A year ago, I wrote a short post about us banning memcpy in the SDL for new code. Well, I’m happy to announce that in VC++ 2010, we have made it much easier to remove potentially insecure calls to memcpy and replace them with more secure calls to memcpy_s; it’s automagic, just like we do did for other banned functions!

As I said in a previous post, I am a huge fan of adding defenses to code automatically, and making such changes as easy as possible for software engineers, and this auto-migration is a great example.

In short, if your code has a call to memcpy, and the compiler can determine the destination buffer size at compile time, the compiler will replace the call to memcpy with a call to memcpy_s.

For example, if you compile the code below with:

cl /D_CRT_SECURE_CPP_OVERLOAD_STANDARD_NAMES_MEMORY=1 foo.cpp

 

#include <memory.h>

int main() {

    int src[100];
    const size_t src_size =  _countof(src) * sizeof(int);

    memset(src, 12, src_size);

    const size_t dst_size_int = _countof(src);
    int dst[dst_size_int];

    memcpy(dst, src, src_size);

    return 0;

}

You’ll see that the calls to memcpy are replaced with memcpy_s courtesy of this code in memory.h:

#if defined(__cplusplus) && _CRT_SECURE_CPP_OVERLOAD_STANDARD_NAMES_MEMORY

extern "C++" {

#ifndef _CRT_ENABLE_IF_DEFINED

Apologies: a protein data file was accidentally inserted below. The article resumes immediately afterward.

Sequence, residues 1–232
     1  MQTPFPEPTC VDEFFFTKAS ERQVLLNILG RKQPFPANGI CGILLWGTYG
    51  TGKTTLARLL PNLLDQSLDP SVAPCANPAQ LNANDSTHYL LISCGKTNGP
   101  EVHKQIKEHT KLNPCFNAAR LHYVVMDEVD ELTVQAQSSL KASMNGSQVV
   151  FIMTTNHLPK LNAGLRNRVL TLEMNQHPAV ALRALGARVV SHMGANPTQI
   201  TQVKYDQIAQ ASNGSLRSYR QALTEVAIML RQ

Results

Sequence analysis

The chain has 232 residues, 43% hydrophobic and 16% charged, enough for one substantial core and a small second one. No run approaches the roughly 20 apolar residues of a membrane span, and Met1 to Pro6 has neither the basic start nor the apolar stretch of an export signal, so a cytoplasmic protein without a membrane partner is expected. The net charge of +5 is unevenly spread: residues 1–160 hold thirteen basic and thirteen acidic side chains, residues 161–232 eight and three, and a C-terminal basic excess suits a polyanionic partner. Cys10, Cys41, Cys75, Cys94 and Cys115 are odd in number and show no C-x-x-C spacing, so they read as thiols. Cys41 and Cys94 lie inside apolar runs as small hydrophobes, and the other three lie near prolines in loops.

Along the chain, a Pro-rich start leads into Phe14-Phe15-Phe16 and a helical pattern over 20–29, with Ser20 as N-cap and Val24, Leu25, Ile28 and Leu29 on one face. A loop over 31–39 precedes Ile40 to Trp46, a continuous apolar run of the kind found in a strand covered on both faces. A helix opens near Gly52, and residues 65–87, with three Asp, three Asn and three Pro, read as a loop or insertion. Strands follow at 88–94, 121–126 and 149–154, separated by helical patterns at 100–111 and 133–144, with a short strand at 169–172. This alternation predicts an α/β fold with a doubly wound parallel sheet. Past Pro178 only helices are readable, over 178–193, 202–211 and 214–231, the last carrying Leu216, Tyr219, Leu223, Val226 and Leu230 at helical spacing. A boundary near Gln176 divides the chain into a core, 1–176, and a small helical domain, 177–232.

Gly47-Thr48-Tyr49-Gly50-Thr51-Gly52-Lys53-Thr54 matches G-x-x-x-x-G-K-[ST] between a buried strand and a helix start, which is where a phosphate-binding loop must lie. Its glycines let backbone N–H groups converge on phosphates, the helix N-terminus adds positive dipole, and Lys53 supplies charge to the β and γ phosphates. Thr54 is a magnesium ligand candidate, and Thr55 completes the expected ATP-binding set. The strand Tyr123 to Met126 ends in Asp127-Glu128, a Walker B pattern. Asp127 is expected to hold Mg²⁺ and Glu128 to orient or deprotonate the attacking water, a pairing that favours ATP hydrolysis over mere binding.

#define _CRT_ENABLE_IF_DEFINED

    template<bool _Enable, typename _Ty>

    struct _CrtEnableIf;

 

    template<typename _Ty>

    struct _CrtEnableIf<true, _Ty>

    {

        typedef _Ty _Type;

    };

#endif

    template <size_t _Size, typename _DstType>

    inline

    typename _CrtEnableIf<(_Size > 1), void *>::_Type __cdecl memcpy(_DstType (&_Dst)[_Size], _In_opt_bytecount_(_SrcSize) const void *_Src, _In_ size_t _SrcSize) _CRT_SECURE_CPP_NOTHROW

    {

        return memcpy_s(_Dst, _Size * sizeof(_DstType), _Src, _SrcSize) == 0 ? _Dst : 0;

    }

}

#endif

Note that for this to work, you must define a preprocessor variable:

_CRT_SECURE_CPP_OVERLOAD_STANDARD_NAMES_MEMORY = 1

This is another great example of why migrating your C++ code to Visual C++ 2010 can help improve the security of the code with virtually no engineering effort.

(Big thanks to the C++ folks over in the Developer Division for getting this work done in time for VC++ 2010)

- Michael